Greg Zyla's Car Collector Corner: 1953 Dodge Hemi fan
http://thedailyreview.com/sports/greg-z ... -1.1286578
Q: Greg, I'm enjoying your recent articles on the Hemi, car models and the Dick Harrell 427 Nickey, Gibb and Yenko Camaros. However, I'd like to let everyone know that those famous 426 Hemi engines came out way before 1965, but in smaller dimensions. My dad had a 1953 Dodge with a Hemi in it. Do you remember those? Jim L., email from Illinois.
A: Jim, I sure do remember those '53 Dodges. Matter of fact, my brother and I bought a '53 Dodge Hemi for $25 in 1966, but never did anything with it and sold it back to the same guy for $20. (Right...depreciation!)
The 1953 Dodge Hemi came with a scaled down version of the already introduced in 1951 Chrysler 331 Hemi V8. It measured 241 cubic inches and produced 140-horsepower. The Dodge line called this engine the "Red Ram" Hemi, and it was equipped with red valve covers that had the same script.
In 1953, Dodge designers restyled the new car from the boxier 1952 Dodge, the latter which was the first post war Dodge in 1949. If you wanted a Hemi in '53, you had to start with the Coronet Club Coupe, which listed at just under $2,200. Of note is that no fully automatic transmission was available in 1953 as Dodge introduced its first one, called the "Powerflite," in 1954.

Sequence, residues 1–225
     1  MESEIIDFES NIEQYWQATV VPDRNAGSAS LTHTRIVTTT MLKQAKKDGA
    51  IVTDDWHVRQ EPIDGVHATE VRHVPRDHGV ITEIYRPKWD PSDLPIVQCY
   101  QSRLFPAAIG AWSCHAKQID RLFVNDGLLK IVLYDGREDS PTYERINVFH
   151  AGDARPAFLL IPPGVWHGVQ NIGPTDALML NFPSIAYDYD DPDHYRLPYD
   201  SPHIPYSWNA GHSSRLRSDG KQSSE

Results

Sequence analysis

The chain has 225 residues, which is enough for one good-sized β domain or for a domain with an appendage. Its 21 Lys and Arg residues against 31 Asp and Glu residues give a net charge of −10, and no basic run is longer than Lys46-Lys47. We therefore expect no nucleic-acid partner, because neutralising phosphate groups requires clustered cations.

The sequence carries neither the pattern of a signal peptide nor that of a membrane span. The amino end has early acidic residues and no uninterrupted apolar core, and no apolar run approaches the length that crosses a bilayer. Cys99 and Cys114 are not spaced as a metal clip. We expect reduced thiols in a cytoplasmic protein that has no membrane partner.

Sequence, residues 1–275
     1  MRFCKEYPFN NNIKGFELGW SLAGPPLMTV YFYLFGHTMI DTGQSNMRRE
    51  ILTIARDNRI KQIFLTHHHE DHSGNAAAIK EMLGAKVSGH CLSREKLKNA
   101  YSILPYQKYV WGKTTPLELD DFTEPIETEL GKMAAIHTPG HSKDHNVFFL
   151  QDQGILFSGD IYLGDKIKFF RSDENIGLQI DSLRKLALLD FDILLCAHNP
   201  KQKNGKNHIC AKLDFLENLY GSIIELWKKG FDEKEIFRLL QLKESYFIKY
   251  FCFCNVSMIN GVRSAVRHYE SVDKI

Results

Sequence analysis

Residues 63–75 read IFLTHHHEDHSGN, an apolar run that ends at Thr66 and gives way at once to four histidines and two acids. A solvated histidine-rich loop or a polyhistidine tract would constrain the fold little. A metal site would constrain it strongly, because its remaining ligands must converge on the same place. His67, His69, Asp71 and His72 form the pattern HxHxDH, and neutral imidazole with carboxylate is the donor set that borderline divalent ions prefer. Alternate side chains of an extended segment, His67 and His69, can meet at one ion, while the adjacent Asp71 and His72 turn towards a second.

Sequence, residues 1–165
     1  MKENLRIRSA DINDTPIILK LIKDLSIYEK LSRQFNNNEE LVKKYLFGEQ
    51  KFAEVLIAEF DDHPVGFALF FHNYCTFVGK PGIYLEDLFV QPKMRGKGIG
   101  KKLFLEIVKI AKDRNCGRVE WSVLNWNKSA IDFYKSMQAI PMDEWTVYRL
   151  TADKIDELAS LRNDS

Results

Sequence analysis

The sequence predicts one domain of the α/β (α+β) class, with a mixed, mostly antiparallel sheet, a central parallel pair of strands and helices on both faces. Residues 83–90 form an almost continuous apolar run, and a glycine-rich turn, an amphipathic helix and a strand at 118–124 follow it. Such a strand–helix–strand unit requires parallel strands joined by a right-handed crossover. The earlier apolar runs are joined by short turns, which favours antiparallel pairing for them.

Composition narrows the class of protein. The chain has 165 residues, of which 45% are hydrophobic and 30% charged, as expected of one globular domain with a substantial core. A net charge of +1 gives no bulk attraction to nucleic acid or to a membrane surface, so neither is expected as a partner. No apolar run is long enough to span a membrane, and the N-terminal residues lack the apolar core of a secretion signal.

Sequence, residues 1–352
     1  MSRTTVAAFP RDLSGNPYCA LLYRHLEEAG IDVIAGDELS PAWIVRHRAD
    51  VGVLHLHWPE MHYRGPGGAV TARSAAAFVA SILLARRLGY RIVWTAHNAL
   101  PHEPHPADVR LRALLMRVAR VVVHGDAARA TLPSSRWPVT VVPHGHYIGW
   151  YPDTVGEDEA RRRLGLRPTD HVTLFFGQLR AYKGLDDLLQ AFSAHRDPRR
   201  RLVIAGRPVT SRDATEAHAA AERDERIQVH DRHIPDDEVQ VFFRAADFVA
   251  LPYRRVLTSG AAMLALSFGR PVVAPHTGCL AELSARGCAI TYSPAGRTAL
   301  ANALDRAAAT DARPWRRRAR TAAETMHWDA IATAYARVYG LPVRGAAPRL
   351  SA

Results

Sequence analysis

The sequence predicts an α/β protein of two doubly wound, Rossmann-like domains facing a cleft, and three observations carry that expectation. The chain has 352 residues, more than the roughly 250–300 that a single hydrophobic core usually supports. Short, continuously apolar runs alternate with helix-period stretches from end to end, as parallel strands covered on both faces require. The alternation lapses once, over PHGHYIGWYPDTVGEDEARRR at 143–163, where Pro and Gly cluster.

As for the first 331 Hemi, it produced 180 horses and replaced the 135 horse Inline-8 in Chrysler models. The Hemis were great motors, and were also used by in many military applications and air raid sirens that were popular in U.S. cities in the decade of the 1950s. (You Tube is loaded with examples of the Hemi 331 Air Raid Siren in action).
Of course, I remember the air raid drills at my grade school in Ranshaw, Pa., and later Vineland, N.J. When the air raid sounded, we had to get under our desk even if we were having our morning milk (delivered by the milk company).
As for sales, the 1953 Dodge did not set any records. Matter of fact, the re-designed car did poor as the other manufacturers were building bigger cars while the '53 Dodge was a bit smaller than the '52. Dodge stayed with the design in 1954, and sales were even worse. However, with the introduction of the all-new 1955 Dodges, things started to turn around for the better.
Thanks for your letter.
(Greg Zyla is a syndicated auto writer who welcomes reader input or questions at 116 Main St., Towanda, Pa. 18848 or email him at firstname.lastname@example.org).